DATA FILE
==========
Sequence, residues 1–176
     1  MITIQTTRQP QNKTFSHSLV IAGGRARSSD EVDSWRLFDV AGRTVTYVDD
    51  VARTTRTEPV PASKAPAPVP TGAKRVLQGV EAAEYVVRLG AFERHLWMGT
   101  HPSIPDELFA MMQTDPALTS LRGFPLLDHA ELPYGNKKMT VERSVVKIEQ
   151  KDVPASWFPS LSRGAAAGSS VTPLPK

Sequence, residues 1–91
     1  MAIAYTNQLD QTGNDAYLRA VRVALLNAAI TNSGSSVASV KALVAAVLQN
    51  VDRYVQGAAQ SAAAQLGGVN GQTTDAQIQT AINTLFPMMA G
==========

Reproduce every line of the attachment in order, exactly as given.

Sequence, residues 1–176
     1  MITIQTTRQP QNKTFSHSLV IAGGRARSSD EVDSWRLFDV AGRTVTYVDD
    51  VARTTRTEPV PASKAPAPVP TGAKRVLQGV EAAEYVVRLG AFERHLWMGT
   101  HPSIPDELFA MMQTDPALTS LRGFPLLDHA ELPYGNKKMT VERSVVKIEQ
   151  KDVPASWFPS LSRGAAAGSS VTPLPK

Sequence, residues 1–91
     1  MAIAYTNQLD QTGNDAYLRA VRVALLNAAI TNSGSSVASV KALVAAVLQN
    51  VDRYVQGAAQ SAAAQLGGVN GQTTDAQIQT AINTLFPMMA G